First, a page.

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Concern over speed of regulatory action: US and Europe

Following an internal review, the Office of the Inspector General (OIG) in the US Department of Health and Human Services has issued a statement online on 22nd December 2017 titled:

"The Food and Drug Administration's Food-Recall Process Did Not Always Ensure the Safety of the Nation's Food Supply"

These are very strong words. They reviewed documentation for 30 voluntary food recalls selected from the 1,557 food recalls reported to FDA between October 1, 2012, and May 4, 2015. They stated

The FDA did not always have an efficient and effective food-recall process that ensured the safety of the Nation's food supply. We identified deficiencies in FDA's oversight of recall initiation, monitoring of recalls, and the recall information captured and maintained in FDA's electronic recall data system, the Recall Enterprise System (RES).  

Specifically, we found that FDA could not always ensure that firms initiated recalls promptly and that FDA did not always (1) evaluate health hazards in a timely manner, (2) issue audit check assignments at the appropriate level, (3) complete audit checks in accordance with its procedures, (4) collect timely and complete status reports from firms that have issued recalls, (5) track key recall data in the RES, and (6) maintain accurate recall data in the RES....   

We recommended that FDA use its Strategic Coordinated Oversight of Recall Execution (SCORE) initiative to establish set timeframes, expedite decision-making and move recall cases forward, and improve electronic recall data. We also made other procedural recommendations, which are listed in the report.  

Click on the links to download the complete report or the Report in Brief.

The FDA has not been alone in 2017 as a food regulator brought to task regarding their risk communication. Europe was hit in 2017 with the fipronil incident and the ripples of the incident continue on into 2018. The European Union published "Conclusions from the Ministerial Conference on the follow up of the fipronil incident Brussels, 26 September 2017" There were nineteen points raised by the Commission and the Member States taking part in the Ministerial Conference for action. Follow the link to read them all in full, but the Member States and the Commission exchanged views on lessons learned from the fipronil issue and agreed on several strategic and systemic actions needed at Member States and EU levels to prevent, detect as early as possible, and improve the handling of such incidents or crisis. These included:

4. Cooperation and communication is needed in order to prioritize coordinated efforts that will ensure trust and a harmonised approach during incidents or crises. The Commission is invited to develop a management plan for food and feed incidents (in line with the crisis management plan). In doing so the Commission should pay attention to reinforce its early coordinating role, including defining the criteria when the coordination at EU level should be triggered by Member States;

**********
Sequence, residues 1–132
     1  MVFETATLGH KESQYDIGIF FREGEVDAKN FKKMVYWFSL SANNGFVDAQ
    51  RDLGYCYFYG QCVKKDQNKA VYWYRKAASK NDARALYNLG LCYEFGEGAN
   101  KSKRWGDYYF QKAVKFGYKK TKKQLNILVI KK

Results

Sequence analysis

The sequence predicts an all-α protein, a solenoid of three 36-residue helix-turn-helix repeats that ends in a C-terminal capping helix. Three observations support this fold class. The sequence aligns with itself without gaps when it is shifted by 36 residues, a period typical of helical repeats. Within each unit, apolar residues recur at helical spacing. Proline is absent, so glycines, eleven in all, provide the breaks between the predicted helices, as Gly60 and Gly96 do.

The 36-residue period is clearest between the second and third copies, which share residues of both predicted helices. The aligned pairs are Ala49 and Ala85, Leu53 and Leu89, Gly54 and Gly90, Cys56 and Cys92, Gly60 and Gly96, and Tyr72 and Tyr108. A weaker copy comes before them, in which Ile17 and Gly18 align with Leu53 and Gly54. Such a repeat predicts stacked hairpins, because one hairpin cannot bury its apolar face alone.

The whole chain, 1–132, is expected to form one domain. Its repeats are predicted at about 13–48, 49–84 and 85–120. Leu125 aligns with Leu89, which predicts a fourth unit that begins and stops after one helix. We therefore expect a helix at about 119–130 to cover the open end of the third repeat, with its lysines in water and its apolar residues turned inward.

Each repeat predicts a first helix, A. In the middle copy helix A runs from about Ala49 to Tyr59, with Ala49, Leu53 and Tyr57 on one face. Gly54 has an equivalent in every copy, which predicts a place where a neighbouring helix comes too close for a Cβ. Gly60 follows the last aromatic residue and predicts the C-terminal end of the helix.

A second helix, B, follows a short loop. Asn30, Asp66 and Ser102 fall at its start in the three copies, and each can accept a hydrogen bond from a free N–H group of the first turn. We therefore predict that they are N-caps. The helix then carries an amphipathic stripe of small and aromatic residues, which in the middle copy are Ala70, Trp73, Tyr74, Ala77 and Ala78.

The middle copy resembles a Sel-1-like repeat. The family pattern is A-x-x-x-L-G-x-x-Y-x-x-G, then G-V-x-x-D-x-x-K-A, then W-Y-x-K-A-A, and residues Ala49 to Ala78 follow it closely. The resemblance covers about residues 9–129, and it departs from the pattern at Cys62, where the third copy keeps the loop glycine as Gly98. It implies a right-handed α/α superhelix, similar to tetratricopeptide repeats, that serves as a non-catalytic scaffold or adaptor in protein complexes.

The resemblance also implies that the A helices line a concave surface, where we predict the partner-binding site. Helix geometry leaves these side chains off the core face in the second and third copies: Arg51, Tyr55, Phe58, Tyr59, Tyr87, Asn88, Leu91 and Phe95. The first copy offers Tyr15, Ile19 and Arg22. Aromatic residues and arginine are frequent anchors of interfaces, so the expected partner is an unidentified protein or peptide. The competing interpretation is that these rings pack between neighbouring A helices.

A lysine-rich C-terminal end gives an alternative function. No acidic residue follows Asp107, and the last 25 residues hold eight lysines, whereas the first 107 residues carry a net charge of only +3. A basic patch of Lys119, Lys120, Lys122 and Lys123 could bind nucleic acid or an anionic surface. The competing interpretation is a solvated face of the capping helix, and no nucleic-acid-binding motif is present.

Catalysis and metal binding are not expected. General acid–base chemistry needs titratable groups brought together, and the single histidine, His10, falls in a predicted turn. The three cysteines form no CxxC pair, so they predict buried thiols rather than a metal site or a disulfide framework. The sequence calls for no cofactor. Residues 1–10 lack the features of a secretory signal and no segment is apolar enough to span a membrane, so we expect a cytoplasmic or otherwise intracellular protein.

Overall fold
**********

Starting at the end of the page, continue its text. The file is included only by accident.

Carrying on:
5. Risk communication should be improved via upstream coordination between Member States and the Commission on the basis of a common factual and accurate information line to be used through the appropriate channels (in particular social media and press) to ensure it reaches the general public in a harmonized and prompt way; 

6. Provisions will be considered to strengthen the existing flexibility in residue monitoring at EU level, evaluate the existing risk based monitoring programs and adapt these in order to enable early detection of possible use of illegal substances or misuse of substances to enable Member States to respond without delay to emerging risks; 

7. Member States will encourage the food business operators and branch organisation representing these food business operators in their country to implement or improve existing self-monitoring programs on sectoral level; 

13. The way of establishing a ‘food safety officer’ acting as an experienced and trustworthy contact person in relation to food and feed safety issues should be considered.  

 19. Procedures should be put in place, with due regard to the need to not jeopardise potential criminal proceedings, to enable a rapid transfer of information, at Member State level between judicial authorities and public health authorities, and at Commission level between EUROJUST, EUROPOL and the RASFF-AAC-Food Fraud networks.

Both reports highlight weaknesses in food safety and food fraud regulatory governance that need to be addressed. Food for thought.


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I have had two papers accepted for a special edition of Worldwide Hospitality and Tourism Themes on food safety culture in the hospitality sector - will let you know when they are published.
Manning, L. (2018) The value of food safety culture to the hospitality industry, Worldwide Hospitality and Tourism Themes,  10(2) Manning L. (2018) Triangulation: effective verification of food safety and quality management systems and associated organisational culture, Worldwide Hospitality and Tourism Themes, 10(2) Looking forward to seeing them in press.


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